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How does a UPS inverter works?

Farrukh Jamal

May 22, 2011
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Hello dear group! I have just registered. I am actually stuck in the middle of my semester project. Kindly help me. Here are the details:

I have implemented an inverter circuit. Implementation was easy, of course, as i had the circuit diagram. Now i want to know how it exactly works. I mean the whole process of converting the Dc signal in to a square wave and then that in to an AC output. I also want to know the role of each component in this process. (The IC 4047B, Heatsync transistors etc...)
Here is the link to the circuit i used...

http://www.circuitstoday.com/simple-40w-inverter
Regards,
Farrukh Jamal
 
Last edited:

(*steve*)

¡sǝpodᴉʇuɐ ǝɥʇ ɹɐǝɥd
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Jan 21, 2010
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Unfortunately we don't have access to your C drive.
 

davenn

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Sep 5, 2009
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As Steve said we cant acces your HDD, upload a suitably resized pic to the forum or maybe to a image site like flicker so we can see it.

if you do some googling on inverters you will find there are 2 basic types pure sinewave and modified sinewave
Both them involve producing an oscillator from an input DC voltage, the resulting square or sinewave voltage is fed to a transformer where it is stepped up to the 110VAC / 240VAC (depending on your country) for use by your equip.

Thats the basics and your unit will prob follow that model

Dave
 

Farrukh Jamal

May 22, 2011
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Pardon me for the mistake. I have updated the link. Kindly check it now.
Basically, the one i have implemented give square wave form as the output to the inverter circuit. That means a squarewave on transformer's primary side. That means, the stepped up 240V signal will also be squarewave.. Right??
 

Farrukh Jamal

May 22, 2011
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Sorry! pardon me..
I have updated the link, by the way.
Kindly check it and provide me with some help.. :)
 

duke37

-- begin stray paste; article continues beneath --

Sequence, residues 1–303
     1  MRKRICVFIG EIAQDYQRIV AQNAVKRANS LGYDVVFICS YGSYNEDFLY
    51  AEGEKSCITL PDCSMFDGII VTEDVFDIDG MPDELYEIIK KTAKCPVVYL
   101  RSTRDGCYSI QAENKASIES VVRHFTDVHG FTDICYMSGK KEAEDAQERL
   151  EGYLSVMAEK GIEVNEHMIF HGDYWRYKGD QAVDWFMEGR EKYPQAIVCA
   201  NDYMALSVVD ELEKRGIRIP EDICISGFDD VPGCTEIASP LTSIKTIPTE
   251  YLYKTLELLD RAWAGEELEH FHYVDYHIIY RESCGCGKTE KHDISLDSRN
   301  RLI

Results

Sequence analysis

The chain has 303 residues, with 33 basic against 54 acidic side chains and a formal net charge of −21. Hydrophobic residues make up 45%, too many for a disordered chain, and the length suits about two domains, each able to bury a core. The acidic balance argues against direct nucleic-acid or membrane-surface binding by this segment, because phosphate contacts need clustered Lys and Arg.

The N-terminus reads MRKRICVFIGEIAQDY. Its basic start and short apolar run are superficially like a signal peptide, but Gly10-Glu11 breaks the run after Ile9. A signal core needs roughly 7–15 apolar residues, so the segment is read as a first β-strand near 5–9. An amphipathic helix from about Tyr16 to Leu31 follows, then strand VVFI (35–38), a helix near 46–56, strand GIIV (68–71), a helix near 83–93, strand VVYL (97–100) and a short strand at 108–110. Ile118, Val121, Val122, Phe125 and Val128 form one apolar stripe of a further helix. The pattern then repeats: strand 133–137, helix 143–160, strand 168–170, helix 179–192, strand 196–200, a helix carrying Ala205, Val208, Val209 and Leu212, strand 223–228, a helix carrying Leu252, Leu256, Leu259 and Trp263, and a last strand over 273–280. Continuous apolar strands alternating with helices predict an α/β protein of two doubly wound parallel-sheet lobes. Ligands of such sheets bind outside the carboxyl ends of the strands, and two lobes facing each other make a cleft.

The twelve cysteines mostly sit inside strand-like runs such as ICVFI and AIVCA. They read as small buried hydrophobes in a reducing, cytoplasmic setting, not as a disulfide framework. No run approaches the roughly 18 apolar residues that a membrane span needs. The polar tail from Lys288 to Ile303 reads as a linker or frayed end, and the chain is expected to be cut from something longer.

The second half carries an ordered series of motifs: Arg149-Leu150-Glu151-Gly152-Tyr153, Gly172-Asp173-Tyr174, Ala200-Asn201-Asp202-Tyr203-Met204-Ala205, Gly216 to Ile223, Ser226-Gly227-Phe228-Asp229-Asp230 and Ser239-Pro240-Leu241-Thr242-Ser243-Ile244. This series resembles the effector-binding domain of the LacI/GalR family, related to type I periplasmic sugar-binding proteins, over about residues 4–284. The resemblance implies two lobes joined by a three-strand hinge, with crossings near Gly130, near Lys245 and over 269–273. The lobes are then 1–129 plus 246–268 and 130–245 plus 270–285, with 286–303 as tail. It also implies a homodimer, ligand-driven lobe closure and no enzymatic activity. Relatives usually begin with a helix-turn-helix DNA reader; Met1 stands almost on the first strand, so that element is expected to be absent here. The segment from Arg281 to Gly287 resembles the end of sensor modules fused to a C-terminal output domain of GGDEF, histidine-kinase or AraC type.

Jan 9, 2011
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The 4047 contains an oscillator whose frequency is set by a resistor and capacitor ( F = 1/(4.4*R*C) There is an internal divide by two circiut and two outputs, the division makes an equal on/off times and the outputs are in antiphase, When one is high, the other is low so that either one or the other pair of transistors is turned on.
Since the 4047 can only provide a low current, this has to be amplified by a BC557 and further amplified by the TIP3055. When turned on the transformer connection is pulled towards ground so that there is ~12V across that half of the winding. The other half of the winding is coupled to the first and will rise to ~24V.
Before the transformer saturates the input needs to be changed over (using the correct frequency). The square wave output is taken from the other winding.
The transistor connection is known as a Darlington connection and gives very high current gain but cannot work at less than a volt when turned on, this voltage drop means a power loss and a heat sink is needed to spread the heat to keep the temperature of the TIP3055 within acceptable levels.
In the link you gave, there is a 100W invertor using IRF540 mosfets instead of the bipolar transistors, the mos fet can be turned on with negligible current and provide a very low resistance when turned on. The power loss is therefore very low and a heat sink may not be needed.
 
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